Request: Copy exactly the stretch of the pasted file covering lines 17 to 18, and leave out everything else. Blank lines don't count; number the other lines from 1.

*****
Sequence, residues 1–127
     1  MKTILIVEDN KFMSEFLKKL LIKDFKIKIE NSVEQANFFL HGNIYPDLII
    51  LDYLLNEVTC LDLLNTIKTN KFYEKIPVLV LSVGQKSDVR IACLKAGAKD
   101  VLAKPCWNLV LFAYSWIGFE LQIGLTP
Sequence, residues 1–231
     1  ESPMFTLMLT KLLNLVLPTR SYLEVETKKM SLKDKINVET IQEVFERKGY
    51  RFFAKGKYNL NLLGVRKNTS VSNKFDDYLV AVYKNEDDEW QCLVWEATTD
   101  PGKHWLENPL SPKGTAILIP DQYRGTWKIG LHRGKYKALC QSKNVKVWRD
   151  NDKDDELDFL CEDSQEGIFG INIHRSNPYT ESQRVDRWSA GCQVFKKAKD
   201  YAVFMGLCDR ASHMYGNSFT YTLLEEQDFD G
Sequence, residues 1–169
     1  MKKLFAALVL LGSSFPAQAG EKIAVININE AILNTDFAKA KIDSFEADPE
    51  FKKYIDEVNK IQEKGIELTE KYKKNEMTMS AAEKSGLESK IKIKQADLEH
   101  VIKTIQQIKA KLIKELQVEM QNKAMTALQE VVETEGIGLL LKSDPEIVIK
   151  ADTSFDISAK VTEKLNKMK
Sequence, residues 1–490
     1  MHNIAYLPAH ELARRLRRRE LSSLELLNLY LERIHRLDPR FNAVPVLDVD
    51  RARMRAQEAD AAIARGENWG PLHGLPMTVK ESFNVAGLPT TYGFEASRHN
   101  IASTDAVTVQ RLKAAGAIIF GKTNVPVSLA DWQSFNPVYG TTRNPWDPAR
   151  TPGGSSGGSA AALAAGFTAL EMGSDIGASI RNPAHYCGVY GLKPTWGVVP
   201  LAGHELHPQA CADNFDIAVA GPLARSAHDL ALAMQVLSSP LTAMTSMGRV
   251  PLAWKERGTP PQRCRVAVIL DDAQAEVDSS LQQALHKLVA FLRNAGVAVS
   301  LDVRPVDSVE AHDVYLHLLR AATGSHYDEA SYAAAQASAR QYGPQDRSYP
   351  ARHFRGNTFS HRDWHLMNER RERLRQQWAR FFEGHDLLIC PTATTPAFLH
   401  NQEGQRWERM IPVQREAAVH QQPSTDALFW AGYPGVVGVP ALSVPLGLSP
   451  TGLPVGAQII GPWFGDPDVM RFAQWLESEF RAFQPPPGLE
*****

     1  MHNIAYLPAH ELARRLRRRE LSSLELLNLY LERIHRLDPR FNAVPVLDVD
    51  RARMRAQEAD AAIARGENWG PLHGLPMTVK ESFNVAGLPT TYGFEASRHN